Tensions from Charlotte simmer in the Triangle

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ByJoel Brown via WTVD logo
Friday, September 23, 2016
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Could the ugly scene this week in Charlotte be something that might be duplicated in the Triangle?

RALEIGH (WTVD) -- Demonstrators staged protests across the Triangle in response to deadly police-involved shooting of Keith Scott in Charlotte.

One local activist warned the situation here, and many other places, is a powder keg just waiting to explode.

"I think what happened in the streets of Charlotte could happen anywhere," said Akiba Byrd, spokesman for the Raleigh-based Police Accountability Community Task Force or PACT. "The problem is everywhere, it's a powder keg."

Byrd says his group is keeping in close contact with protestors on the ground in Charlotte.

"We're communicating with them down there and we know what's happening," he said.

What's happening as PACT sees it, the reason for the powder keg -- is a lack of accountability for police when the person on the wrong side of an officer's weapon is black.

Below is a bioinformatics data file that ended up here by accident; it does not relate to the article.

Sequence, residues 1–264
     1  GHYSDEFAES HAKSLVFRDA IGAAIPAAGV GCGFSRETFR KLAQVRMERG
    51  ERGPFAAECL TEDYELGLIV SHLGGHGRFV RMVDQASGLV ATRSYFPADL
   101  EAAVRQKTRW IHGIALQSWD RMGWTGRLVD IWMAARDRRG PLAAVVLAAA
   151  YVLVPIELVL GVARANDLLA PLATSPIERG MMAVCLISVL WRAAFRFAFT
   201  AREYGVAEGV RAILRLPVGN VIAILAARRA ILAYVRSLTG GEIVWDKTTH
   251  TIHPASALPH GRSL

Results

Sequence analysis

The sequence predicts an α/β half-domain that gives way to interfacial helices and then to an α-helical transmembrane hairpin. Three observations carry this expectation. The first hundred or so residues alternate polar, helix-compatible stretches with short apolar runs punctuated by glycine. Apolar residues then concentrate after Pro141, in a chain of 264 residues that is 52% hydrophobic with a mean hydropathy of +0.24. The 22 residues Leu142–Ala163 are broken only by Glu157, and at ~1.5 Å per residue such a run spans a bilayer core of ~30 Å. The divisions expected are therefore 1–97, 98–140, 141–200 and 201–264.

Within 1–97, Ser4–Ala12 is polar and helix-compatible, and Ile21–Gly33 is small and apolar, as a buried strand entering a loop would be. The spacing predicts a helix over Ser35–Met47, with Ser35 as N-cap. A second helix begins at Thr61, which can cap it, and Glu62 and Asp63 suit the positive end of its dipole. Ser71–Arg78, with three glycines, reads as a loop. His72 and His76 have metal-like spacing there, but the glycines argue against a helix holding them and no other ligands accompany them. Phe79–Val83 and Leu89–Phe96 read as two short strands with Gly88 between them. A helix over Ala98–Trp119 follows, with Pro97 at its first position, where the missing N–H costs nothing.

"Anytime it's OK for an officer, an armed agent of the state to walk up to somebody with a body cam, kill them, and walk away; and, they're protected, their footage is protected, yeah, you can expect people to be upset," Byrd said.

Forms of that frustration played out in the Triangle this week. Students marched and sang spirituals at St. Augustine's in Raleigh. And, in Durham, Duke Divinity School students rallied at Duke Chapel. They called it a stand for the Black Lives Matter movement.

But, back in Raleigh, nearly seven months after a Raleigh police officer was deemed justified in the deadly shooting of Akiel Denkins, Charlotte is re-opening a wound.

Byrd says he sees no evidence the culture within Raleigh PD has changed when it comes to policing communities of color.

"I haven't gotten that memo," Byrd said sarcastically. "We've been waiting since February 29th on Akiel Denkins. And, as far as the city is concerned, as far as the police is concerned, it's done and it's over. And, that brother is still gone. And, since then we've lost three more people to the police. What culture has changed?"

Much like Byrd's group argued at Raleigh City Hall over the winter during City Council hearings on Raleigh police body cameras, PACT is calling on Charlotte-Mecklenburg Police to release the Keith Scott body cam footage to the public to ensure accountability and transparency.

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